watercolor 15 x 22 inches
I hear a sad statement frequently in my workshops and classes . . . . ."I am not very talented."
It is indeed a sad thing to witness when a person simply doesn't believe that they can make something special happen with paint. And the same sadness comes into view as the person laments that they 'might just as well give up.'
I won't go into the psychology of the person or what provokes such vile statements to erupt from anyone. I will, however, correct that person (or anyone making such statements) and help them to revise their thoughts about talent. As I see it, talent is 90% drive.
That is to say that one must have the urge, or the want to understand something, or to be able to do something. In other words, it is the degree of desire that drives us to be really good at something. Without that desire or that passion to achieve, all the genetic programming to be an artist goes right out the window. I have seen lots of lesser talented individuals become stellar painters only because they just would not stop working at becoming better and better.
. . . . .Which brings me to my point. . . . .
My friend and painting buddy, Scott, and I went out to paint on Sunday afternoon . . . .and we nearly froze our toes off in doing so. We had hike with back packs full of painting paraphenalia for nearly a mile into the inner reaches of a slough (a body of sea water extending inland and establishing an inland wetland enviornment quite unlike the sea.) The wind was beginning to come inland from the ocean, which at this time of year is very cold. And I can attest that it can become very uncomfortable very fast.
We knew what we were up against, but we both wanted something very badly. We both have been trying for some time to capture the essence of the massive Eucalyptus trees that populate that shorline. We didn't care if it was uncomfortable. All we wanted was to put in the practice so that we could LEARN what it is, exactly, that paint does to speak eucalyptus in such a way as to grab hold of a typical painting viewer and say "Hey! Look AT ME !"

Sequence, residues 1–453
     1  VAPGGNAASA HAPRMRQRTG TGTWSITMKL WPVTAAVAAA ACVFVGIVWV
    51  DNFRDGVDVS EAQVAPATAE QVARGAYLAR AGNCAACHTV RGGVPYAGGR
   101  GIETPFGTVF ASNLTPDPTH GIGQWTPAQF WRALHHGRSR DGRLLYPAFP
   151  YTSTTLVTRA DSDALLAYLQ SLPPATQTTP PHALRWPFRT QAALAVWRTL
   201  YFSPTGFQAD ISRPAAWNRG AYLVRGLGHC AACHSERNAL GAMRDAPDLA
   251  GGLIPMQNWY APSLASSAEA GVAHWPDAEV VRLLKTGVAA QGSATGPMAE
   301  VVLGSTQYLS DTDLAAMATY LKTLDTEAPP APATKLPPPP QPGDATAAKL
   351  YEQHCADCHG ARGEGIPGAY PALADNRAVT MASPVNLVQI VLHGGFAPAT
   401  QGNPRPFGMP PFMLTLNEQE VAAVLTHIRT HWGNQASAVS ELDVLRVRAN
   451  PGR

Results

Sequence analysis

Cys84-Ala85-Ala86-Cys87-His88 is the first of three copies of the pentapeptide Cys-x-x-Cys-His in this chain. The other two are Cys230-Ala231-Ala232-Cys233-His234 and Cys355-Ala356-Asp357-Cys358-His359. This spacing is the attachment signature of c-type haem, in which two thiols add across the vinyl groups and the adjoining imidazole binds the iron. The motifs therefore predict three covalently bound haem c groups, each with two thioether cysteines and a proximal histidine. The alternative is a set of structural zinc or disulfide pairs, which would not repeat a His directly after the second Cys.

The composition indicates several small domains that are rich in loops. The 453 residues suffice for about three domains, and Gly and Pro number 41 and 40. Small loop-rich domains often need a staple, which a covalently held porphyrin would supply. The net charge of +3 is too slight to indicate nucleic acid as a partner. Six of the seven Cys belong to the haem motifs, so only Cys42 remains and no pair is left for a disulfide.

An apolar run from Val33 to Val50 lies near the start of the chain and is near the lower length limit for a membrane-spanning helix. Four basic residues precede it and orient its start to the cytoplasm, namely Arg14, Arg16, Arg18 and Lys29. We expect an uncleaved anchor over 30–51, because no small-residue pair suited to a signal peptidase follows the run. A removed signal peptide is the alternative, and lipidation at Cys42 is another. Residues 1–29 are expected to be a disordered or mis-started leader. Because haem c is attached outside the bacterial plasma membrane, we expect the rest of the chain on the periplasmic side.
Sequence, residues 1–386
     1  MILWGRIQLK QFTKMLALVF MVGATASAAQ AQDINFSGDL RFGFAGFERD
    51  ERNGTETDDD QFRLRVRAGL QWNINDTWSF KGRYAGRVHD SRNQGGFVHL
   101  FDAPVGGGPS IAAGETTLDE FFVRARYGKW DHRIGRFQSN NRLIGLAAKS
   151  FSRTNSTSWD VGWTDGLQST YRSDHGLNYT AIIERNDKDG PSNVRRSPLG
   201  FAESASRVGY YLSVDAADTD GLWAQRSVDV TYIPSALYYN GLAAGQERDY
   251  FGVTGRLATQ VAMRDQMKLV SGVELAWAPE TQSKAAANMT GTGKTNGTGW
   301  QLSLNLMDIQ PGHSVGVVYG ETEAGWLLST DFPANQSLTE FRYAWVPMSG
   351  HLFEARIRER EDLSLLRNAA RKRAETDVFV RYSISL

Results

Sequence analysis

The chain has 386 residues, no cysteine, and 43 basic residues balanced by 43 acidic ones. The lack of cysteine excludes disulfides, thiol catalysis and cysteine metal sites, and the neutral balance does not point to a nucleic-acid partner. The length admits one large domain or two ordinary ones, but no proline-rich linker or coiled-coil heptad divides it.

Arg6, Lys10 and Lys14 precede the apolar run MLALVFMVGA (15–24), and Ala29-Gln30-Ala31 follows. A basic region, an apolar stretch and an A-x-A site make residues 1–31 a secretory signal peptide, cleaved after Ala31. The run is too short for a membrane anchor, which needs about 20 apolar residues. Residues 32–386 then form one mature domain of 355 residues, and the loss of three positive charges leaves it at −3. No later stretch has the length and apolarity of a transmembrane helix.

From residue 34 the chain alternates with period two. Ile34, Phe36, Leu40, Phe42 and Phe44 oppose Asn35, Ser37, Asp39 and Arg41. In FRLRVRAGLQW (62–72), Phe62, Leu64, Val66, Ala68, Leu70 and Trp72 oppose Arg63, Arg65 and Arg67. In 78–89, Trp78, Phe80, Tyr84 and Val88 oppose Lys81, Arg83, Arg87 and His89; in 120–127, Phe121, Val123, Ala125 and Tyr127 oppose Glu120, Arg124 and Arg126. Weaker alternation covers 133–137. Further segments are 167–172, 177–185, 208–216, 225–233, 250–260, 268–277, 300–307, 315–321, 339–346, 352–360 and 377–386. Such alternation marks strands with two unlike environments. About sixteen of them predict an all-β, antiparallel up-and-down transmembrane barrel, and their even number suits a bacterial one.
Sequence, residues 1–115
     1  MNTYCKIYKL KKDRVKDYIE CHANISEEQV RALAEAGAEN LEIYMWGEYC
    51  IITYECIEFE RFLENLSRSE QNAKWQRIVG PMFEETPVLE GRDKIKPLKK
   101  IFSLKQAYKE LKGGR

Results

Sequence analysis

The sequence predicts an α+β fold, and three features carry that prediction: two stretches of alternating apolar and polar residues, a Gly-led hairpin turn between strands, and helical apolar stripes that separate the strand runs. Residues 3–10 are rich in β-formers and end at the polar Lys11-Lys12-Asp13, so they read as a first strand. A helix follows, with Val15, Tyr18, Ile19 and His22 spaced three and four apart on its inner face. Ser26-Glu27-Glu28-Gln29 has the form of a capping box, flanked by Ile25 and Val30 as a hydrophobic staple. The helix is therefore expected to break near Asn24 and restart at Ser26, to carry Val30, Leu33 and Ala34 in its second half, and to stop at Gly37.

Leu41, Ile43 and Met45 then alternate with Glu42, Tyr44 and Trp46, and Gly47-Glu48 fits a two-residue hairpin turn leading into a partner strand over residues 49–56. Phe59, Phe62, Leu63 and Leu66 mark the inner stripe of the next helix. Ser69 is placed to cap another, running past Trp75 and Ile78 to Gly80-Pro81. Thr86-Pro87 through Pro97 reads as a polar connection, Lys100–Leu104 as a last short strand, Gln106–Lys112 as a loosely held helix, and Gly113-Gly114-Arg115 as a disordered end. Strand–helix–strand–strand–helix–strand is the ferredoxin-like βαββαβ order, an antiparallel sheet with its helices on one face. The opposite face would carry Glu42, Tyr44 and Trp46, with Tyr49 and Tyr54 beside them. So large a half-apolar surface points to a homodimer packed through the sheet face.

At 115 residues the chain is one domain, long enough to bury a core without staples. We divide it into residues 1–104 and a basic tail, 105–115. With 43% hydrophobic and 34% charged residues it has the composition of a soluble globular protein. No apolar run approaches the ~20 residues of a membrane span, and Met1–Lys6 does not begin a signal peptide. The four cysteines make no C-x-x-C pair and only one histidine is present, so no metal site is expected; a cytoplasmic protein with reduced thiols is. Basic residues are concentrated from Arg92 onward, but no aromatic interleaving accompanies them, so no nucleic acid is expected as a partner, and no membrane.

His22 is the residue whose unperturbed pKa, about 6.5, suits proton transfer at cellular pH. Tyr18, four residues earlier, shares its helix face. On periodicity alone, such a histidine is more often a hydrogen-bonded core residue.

Whether or not we are talented guys, the moral of this story is that we both have this driving desire to be able to be good at painting. (By the way, I don't believe that the drive to be better ever goes away, no matter how masterly we become.) And, as I said above, out of sheer determined effort, it IS going to happen for both of us . . . .we will become painters of these oddly shaped trees of draping foliage . . . .one way or another. We both will be seen as "talented" painters.
I know that Scott will, one day, be a nationally recognized oil painter. Why do I know this? All one needs to do is be around the guy for two minutes and start talking about painting. He lifts from the surface of the ground and levitates because he is so enthused about it all. That is what talent is. He has it. And anyone else out there, who dreams about this stuff in their sleep, can't get enough time at the easel, is driven to make every painting the best, is deeply disturbed by their failed attempts, is gobbling up books, videos and workshops and spends countless hours with other artists in order to learn is talented. (I know. That was a long, run-on sentence.)
The painting above is the one completed this last weekend of the famous eucalyptus that populate California. I really did learn something about them and how better to paint them . . . .at least I'll know better next time I go after them . . . . .and that time will sharpen my talent even more. You see, I have an insatiable urge to learn!